When Farley Toothman abruptly resigned as Greene County judge in January after being accused of judicial misconduct, it opened up an unexpected vacancy on the bench.
The county has only two judges for Court of Common Pleas, so it’s only the second time in the past decade there has been a competitive race for a judicial position.
Candidates Jeff Grimes and Kimberly Pratt are cross-filed to run in both the Democratic and Republican primaries for the May 18 election in a bid to replace Toothman. If one of the candidates wins both nominations in the primary, that person would be unchallenged in the fall general election and is virtually assured to become Greene County’s next judge.
Grimes, 48, Holbrook, thinks his diverse work as a general practitioner attorney will give him the experience needed as judge, while Pratt, 54, of Carmichaels, said her most recent work advocating for juveniles in the court system would be beneficial on the bench.
Both said the biggest challenge facing the courthouse is getting a full-time judge installed to help with the backlog of cases from the past year, which were caused as a result of the COVID-19 pandemic. Substitute senior judges have filled in for Toothman since he took a leave of absence in October that resulted in his retirement earlier this year.
Grimes said as the pandemic eases, it’s important to have a full-time judge in place to open up the courthouse for more proceedings.
“I think the pandemic created a backlog,” Grimes said. “I think getting an additional Greene County judge where Greene County has one of their own serving them and reduce their reliance on senior judges. … Most things are open in the courthouse. I think it’s important for judges to hear from folks and attorneys to question folks face-to-face.”
Pratt said a new judge is needed to restore stability in the courthouse and faith in the legal system.
“With what has gone on, the COVID-19 emergency has also contributed to the instability in the court system,” Pratt said. “Last year, when we were facing the COVID crisis, we were facing situations where cases were canceled and access to the courts was very limited. Mainly, we need to instill confidence and schedule hearings and make sure they occur and are not canceled. They need to see the judge is fair, and impartial and rulings are given in accordance with the law and the constitution. I think that will be a significant improvement.”
Grimes worked in the courts system as a judge’s clerk for about nine years after getting his law degree in 1998. Since 2009, he has worked in private practice on a wide range of cases, although he has mainly focused on oil and gas contracts and leases. He said his ties to the area will help him be an effective judge in Greene County.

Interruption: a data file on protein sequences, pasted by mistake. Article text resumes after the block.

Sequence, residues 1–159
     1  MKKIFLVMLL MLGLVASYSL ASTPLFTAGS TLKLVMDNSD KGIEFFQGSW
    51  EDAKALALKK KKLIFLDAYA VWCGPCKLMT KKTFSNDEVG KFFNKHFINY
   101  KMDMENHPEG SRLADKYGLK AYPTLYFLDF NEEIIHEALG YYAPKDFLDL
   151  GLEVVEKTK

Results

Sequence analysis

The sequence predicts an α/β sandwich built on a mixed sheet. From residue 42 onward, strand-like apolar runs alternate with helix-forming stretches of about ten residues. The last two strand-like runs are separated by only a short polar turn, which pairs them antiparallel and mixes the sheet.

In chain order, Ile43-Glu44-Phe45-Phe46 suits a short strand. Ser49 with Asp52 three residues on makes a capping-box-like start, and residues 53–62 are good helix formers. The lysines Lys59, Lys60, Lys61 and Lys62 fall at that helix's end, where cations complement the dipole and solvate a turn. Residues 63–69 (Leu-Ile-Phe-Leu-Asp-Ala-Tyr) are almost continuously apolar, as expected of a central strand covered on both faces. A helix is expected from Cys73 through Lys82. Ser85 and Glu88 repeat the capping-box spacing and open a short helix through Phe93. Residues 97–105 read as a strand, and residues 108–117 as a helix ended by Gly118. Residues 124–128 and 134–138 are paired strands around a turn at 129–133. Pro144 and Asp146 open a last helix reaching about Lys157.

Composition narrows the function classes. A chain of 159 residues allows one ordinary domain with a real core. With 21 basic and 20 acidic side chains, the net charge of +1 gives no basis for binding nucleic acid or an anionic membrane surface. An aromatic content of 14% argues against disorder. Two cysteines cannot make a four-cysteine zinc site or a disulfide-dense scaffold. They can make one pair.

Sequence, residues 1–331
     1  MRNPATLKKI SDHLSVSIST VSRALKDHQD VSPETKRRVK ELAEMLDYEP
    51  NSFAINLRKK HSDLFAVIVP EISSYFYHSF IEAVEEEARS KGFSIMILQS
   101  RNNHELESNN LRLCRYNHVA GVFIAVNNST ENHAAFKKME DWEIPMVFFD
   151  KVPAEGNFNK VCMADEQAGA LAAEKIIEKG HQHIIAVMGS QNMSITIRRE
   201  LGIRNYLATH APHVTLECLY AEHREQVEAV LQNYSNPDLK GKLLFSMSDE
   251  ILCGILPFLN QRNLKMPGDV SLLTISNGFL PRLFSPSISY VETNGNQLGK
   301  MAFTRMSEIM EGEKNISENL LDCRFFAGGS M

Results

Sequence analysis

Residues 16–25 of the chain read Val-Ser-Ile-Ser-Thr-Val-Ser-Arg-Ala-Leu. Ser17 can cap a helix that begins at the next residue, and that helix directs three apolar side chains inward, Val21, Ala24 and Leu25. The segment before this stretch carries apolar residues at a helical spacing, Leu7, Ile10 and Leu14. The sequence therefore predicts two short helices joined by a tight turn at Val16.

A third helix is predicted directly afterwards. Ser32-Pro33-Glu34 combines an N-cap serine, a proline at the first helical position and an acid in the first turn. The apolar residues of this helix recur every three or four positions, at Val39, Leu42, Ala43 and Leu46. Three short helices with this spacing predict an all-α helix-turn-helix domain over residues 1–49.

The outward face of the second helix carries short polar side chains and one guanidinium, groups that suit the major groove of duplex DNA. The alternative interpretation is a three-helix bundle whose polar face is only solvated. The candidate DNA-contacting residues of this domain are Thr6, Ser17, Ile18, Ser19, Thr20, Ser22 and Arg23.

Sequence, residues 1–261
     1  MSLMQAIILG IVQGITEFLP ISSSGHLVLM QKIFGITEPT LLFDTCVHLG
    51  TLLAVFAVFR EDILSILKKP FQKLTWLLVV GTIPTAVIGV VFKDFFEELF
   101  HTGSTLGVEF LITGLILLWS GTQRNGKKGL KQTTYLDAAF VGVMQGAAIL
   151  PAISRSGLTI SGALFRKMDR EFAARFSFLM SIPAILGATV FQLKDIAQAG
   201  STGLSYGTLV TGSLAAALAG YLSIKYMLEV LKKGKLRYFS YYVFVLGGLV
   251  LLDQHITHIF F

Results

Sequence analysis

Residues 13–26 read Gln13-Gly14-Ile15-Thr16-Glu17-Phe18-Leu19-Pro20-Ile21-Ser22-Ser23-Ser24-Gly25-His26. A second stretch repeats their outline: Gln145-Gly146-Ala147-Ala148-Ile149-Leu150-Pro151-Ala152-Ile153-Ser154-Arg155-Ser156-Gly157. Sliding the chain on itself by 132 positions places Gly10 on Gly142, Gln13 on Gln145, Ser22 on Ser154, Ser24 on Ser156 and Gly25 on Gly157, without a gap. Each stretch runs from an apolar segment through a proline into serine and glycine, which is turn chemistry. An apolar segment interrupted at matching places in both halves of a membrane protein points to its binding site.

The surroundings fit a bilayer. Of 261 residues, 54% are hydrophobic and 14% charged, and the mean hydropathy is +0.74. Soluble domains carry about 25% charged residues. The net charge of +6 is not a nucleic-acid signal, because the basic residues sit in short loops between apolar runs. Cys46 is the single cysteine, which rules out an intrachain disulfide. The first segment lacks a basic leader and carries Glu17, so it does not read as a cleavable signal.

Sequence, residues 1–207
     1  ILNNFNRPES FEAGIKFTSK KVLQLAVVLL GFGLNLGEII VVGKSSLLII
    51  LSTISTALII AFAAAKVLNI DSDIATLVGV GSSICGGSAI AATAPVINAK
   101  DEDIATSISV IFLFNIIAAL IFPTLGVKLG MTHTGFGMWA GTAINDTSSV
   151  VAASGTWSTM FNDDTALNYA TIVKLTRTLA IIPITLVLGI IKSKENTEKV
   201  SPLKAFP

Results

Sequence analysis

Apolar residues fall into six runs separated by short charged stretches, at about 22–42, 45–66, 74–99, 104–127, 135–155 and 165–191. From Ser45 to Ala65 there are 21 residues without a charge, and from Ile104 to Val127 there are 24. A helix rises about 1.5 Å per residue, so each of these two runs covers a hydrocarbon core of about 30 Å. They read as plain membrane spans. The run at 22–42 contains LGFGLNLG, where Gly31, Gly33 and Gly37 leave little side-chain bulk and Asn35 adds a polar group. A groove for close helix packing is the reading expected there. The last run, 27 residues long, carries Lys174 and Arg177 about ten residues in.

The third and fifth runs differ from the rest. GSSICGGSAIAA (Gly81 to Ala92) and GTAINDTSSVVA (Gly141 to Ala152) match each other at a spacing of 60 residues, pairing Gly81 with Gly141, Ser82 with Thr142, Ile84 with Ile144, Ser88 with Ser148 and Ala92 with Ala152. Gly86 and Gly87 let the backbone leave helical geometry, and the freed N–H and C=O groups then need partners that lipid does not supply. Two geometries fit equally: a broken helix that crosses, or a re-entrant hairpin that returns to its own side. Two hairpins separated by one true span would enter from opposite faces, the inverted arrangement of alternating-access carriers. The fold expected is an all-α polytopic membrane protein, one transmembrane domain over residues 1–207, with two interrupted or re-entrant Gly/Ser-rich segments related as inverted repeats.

“For most of my life, I’ve been a resident of Greene County,” he said. “My family goes back to the mid-1800s, so I think I really understand Greene County and what folks expect and want from the courthouse through stability and fairness. I think I certainly have the ability to provide all those things to the community.”
Grimes ran for judge in 2009 and again six years ago, narrowly losing to President Judge Lou Dayich during the 2015 general election. His father, Terry, served as judge in the county for 23 years until retiring in 2009, so Grimes said he’s witnessed first-hand how important the role is in the community.
“It is a job. It’s not a position,” Grimes said. “I think that’s how you have to approach it. It’s a job, it needs to be efficient and COVID has strained the efficiency.”
Pratt has been an attorney since 1991 when she graduated from law school. She primarily worked in private practice helping with family law, estates and even serving as solicitor for some municipalities.
“I am running because I believe we need some consistency and stability in the courts,” she said. “Just talking with people through the years, they’re looking for someone to uphold the laws and the constitution in the commonwealth and apply them equally.”
Pratt, a first-time candidate for office, has spent the past six years serving as a juvenile dependency hearing officer, and most recently as juvenile delinquency hearing officer.
“I just think the broad range of experience makes me very qualified to serve as judge,” Pratt said. “It’s been a pleasure going out and meeting citizens of the county. If I’m elected judge, I will be there for them and my goal is to instill confidence.”